# How do you read a 50 mL graduated cylinder?

### Table of Contents

- How do you read a 50 mL graduated cylinder?
- What is a 25 mL graduated cylinder used for?
- What is the precision of a 50 mL graduated cylinder?
- How do you read a 10mL graduated cylinder?
- How do you read a graduated cylinder in mL?
- Is a 10 mL or 50 mL graduated cylinder more accurate?
- What is the maximum precision offered by the 10 mL graduated cylinder?
- How do you read a graduated cylinder size?
- How to read a 50 ml graduated cylinder?
- How to find the scale increment for a 25 ml cylinder?
- How to find the volume of a 25 ml cylinder?
- What is the uncertainty of a graduated cylinder?

### How do you read a 50 mL graduated cylinder?

With a 50-mL graduated cylinder, **read and record the volume to the nearest 0.1 mL**. The 10-mL graduated cylinder scale is read to the nearest 0.01 mL and the 500-mL graduated cylinder scale is read to the nearest milliliter (1 mL). A buret is a scaled cylindrical tube attached to a stopcock, or valve.

### What is a 25 mL graduated cylinder used for?

Description. IMAGE. Two graduated cylinders with plastic bumper guards (10-ml graduated cylinder on the left, and 25-ml graduated cylinder on the right). Graduated cylinders are used to **measure the volume of liquid samples** and are available in many different sizes.

### What is the precision of a 50 mL graduated cylinder?

50-mL Graduated Cylinder Scale Page 4 02. Measurements tutorial.doc Daley 4 9-Oct-09 read as **48.6 ± 0.2 mL**. The last digit (6) and the precision (± 0.2) are estimated by the experimenter. The estimated precision indicates that the volume actually lies somewhere in the range of 48.4 to 48.8 mL.

### How do you read a 10mL graduated cylinder?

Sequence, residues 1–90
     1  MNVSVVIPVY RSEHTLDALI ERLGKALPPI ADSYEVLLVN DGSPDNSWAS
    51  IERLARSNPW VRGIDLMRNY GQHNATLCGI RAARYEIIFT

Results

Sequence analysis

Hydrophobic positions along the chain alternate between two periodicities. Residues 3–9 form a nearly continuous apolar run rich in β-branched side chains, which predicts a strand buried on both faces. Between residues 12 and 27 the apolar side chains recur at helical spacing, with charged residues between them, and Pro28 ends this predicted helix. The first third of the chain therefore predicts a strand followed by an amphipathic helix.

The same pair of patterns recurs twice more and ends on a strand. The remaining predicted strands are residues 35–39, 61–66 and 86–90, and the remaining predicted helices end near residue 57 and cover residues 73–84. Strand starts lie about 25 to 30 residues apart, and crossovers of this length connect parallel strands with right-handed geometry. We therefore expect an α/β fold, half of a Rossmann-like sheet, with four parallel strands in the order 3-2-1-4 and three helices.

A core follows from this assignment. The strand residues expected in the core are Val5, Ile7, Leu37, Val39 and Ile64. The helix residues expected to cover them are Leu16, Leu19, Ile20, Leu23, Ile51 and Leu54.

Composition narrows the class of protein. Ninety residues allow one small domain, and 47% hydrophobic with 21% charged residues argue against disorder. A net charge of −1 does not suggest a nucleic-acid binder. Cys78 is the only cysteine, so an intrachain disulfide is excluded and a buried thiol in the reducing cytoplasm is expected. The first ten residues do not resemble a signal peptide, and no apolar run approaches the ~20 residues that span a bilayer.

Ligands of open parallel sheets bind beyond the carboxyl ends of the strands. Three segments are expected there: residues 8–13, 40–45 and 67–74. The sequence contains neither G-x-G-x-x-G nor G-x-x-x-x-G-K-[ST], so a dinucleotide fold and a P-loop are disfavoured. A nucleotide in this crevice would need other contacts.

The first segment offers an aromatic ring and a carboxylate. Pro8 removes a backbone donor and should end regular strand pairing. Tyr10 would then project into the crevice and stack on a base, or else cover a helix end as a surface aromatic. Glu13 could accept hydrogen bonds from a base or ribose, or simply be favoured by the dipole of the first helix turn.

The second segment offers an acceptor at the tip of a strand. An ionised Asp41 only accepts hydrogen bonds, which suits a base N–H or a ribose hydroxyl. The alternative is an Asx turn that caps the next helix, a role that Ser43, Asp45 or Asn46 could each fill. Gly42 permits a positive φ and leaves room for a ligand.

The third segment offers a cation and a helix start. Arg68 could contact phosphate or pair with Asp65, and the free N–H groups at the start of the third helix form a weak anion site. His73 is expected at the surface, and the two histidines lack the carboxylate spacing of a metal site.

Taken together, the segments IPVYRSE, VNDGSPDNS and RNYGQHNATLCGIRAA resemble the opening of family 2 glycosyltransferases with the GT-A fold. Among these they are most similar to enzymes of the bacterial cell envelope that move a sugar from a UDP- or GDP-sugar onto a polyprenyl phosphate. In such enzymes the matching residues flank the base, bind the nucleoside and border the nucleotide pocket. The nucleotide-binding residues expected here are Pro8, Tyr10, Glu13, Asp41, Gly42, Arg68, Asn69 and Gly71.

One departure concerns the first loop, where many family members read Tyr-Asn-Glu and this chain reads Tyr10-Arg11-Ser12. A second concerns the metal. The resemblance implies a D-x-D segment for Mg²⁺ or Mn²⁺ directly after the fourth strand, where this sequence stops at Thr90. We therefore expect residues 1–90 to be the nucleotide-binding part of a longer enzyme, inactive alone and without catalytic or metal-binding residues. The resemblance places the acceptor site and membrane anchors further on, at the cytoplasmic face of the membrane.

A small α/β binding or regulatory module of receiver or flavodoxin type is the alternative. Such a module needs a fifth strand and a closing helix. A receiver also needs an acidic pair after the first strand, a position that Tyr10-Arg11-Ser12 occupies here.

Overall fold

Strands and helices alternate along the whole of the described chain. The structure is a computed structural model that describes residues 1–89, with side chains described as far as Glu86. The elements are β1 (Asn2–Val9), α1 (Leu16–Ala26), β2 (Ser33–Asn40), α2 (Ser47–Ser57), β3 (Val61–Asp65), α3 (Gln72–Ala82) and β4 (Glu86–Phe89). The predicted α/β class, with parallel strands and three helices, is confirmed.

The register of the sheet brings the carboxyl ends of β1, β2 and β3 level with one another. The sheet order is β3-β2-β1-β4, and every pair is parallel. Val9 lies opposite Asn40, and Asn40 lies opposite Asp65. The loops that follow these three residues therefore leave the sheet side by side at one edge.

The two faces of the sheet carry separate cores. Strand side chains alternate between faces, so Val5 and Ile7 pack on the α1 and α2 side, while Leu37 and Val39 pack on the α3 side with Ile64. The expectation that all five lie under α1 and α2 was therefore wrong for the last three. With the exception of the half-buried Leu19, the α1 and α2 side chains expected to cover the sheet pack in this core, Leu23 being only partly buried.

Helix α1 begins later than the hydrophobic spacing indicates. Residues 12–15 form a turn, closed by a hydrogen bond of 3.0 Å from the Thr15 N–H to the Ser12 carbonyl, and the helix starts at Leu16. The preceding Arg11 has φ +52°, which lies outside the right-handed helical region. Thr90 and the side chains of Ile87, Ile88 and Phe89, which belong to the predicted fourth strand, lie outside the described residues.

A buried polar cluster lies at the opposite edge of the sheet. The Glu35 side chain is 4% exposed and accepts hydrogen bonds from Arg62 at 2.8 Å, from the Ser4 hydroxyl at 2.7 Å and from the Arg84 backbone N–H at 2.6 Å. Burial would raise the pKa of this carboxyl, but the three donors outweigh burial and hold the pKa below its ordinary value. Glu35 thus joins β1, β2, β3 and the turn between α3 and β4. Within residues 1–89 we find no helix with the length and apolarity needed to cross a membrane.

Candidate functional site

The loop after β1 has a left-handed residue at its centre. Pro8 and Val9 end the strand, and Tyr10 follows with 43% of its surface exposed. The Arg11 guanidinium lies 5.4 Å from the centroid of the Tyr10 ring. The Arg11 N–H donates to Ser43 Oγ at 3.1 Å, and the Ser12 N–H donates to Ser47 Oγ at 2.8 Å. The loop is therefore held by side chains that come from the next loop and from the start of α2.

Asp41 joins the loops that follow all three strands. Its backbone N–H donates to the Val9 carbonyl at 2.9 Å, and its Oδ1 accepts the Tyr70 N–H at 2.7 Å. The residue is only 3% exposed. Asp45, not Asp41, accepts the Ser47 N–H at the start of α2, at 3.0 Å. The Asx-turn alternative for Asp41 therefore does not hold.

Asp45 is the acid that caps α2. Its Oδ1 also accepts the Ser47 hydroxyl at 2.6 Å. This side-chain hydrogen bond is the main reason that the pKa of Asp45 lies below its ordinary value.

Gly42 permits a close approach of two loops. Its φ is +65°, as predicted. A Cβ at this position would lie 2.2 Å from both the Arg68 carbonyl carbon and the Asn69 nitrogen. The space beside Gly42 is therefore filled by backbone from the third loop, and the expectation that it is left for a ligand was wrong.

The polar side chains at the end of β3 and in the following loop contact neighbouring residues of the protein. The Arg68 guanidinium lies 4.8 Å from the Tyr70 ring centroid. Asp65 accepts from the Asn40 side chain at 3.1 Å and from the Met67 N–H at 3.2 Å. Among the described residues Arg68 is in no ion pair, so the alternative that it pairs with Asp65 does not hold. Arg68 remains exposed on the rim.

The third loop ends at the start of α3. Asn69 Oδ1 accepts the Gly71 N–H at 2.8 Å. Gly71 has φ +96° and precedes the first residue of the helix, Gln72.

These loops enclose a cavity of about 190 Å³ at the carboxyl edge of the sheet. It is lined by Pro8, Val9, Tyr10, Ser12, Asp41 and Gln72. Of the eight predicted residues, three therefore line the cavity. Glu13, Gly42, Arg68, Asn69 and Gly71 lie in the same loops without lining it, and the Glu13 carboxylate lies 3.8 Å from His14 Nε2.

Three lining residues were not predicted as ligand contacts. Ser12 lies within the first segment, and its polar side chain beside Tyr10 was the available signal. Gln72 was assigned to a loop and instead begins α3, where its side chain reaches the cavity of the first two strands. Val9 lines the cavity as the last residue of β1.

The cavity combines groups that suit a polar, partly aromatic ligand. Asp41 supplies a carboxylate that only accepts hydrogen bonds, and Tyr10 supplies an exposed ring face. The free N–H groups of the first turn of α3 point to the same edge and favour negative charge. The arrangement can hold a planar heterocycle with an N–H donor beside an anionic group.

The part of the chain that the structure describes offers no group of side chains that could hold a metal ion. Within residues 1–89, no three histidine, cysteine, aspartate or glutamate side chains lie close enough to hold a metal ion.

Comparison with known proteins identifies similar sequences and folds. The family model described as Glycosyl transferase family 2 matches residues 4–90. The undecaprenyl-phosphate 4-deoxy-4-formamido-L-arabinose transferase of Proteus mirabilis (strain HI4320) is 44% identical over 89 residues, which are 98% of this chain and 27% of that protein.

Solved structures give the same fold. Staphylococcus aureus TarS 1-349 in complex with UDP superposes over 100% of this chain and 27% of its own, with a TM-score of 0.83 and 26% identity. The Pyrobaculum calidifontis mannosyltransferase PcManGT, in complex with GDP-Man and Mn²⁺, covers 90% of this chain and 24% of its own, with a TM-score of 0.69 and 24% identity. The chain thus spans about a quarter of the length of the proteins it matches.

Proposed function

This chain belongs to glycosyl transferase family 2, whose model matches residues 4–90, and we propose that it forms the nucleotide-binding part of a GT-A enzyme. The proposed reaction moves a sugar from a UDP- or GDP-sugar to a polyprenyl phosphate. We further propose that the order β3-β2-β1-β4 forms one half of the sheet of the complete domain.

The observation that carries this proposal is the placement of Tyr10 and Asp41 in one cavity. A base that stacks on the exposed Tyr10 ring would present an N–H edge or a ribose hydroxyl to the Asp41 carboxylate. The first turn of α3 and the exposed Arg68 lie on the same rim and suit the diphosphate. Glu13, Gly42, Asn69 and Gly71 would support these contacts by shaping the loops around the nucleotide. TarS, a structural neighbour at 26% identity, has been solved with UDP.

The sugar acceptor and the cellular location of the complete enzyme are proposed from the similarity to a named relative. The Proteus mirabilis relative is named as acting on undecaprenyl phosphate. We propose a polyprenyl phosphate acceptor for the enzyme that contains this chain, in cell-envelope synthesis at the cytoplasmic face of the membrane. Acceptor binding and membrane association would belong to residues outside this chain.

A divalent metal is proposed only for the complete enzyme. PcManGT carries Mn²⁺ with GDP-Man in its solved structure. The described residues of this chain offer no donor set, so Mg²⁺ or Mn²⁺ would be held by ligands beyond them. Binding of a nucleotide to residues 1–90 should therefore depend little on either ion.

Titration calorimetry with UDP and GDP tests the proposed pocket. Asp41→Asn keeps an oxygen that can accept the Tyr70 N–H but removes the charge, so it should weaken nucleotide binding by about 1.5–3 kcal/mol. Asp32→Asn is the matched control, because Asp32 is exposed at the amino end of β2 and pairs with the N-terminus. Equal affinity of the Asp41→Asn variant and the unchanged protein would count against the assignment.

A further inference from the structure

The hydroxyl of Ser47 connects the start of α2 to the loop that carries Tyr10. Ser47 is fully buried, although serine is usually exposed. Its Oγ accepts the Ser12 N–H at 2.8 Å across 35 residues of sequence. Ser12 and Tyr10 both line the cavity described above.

If you look at a 10mL graduated cylinder, for example, the smallest graduation is **tenth of a milliliter** (0.1mL). That means when you read the volume, you can estimate to the hundredths place (0.01mL). Use the bottom of the meniscus to determine the volume in the 10mL graduated cylinder.

### How do you read a graduated cylinder in mL?

0:453:42How to Read a Graduated Cylinder - YouTubeYouTube

### Is a 10 mL or 50 mL graduated cylinder more accurate?

Which has greater precision the 10 mL graduated cylinder or the 50 ml graduated cylinder? Answer and Explanation: **The graduated cylinder with the most subdivisions between the mL marks is the most precise**. Typically this would be the 50 mL graduated cylinder.

### What is the maximum precision offered by the 10 mL graduated cylinder?

The general rule of thumb is: you can estimate one more digit past the smallest division on the measuring device. If you look at a 10mL graduated cylinder, for example, the smallest graduation is tenth of a milliliter (**0.1mL**). That means when you read the volume, you can estimate to the hundredths place (0.01mL).

### How do you read a graduated cylinder size?

0:453:42How to Read a Graduated Cylinder - YouTubeYouTube

### How to read a 50 ml graduated cylinder?

Beside this, how do you read a 50 mL graduated cylinder? With a 50-mL graduated cylinder, read and record the volume to the nearest 0.1 mL. The 10-mL graduated cylinder scale is read to the nearest 0.01 mL and the 500-mL graduated cylinder scale is read to the nearest milliliter (1 mL).

### How to find the scale increment for a 25 ml cylinder?

IMAGE. 25-mL graduated cylinder. Step 1: Determine the scale increment: To find the scale increment, subtract the values of any two adjacent labeled graduations and divide by the number of intervals between them. What is the scale increment for the 25-mL graduated cylinder? Answer

### How to find the volume of a 25 ml cylinder?

In the 25-mL graduated cylinder, first subtract 25 mL - 20 mL = 5 mL. Next, count that ten intervals are between the labeled graduations. Therefore, the scale increment is 5 mL/10 graduations = 0.5 mL/graduation. Step 2: Use the graduations to find all certain digits: Use...

### What is the uncertainty of a graduated cylinder?

In the graduated cylinder shown in Figure 1, the mL graduations are marked and can be read with certainty. All graduated glassware is read with one estimated digit, so this measurement is recorded correctly to the nearest 0.1 mL, with an understood uncertainty of ± 0.1 mL.